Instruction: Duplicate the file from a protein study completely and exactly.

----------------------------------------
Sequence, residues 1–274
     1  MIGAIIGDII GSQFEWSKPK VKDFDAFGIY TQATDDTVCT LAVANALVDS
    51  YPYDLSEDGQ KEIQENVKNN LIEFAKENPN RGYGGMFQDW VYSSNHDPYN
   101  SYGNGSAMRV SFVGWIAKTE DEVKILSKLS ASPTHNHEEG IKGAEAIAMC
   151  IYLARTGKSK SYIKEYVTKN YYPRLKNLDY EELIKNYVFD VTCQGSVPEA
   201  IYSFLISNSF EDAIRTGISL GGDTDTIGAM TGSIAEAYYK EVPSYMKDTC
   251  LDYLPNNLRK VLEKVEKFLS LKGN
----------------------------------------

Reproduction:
Sequence, residues 1–274
     1  MIGAIIGDII GSQFEWSKPK VKDFDAFGIY TQATDDTVCT LAVANALVDS
    51  YPYDLSEDGQ KEIQENVKNN LIEFAKENPN RGYGGMFQDW VYSSNHDPYN
   101  SYGNGSAMRV SFVGWIAKTE DEVKILSKLS ASPTHNHEEG IKGAEAIAMC
   151  IYLARTGKSK SYIKEYVTKN YYPRLKNLDY EELIKNYVFD VTCQGSVPEA
   201  IYSFLISNSF EDAIRTGISL GGDTDTIGAM TGSIAEAYYK EVPSYMKDTC
   251  LDYLPNNLRK VLEKVEKFLS LKGN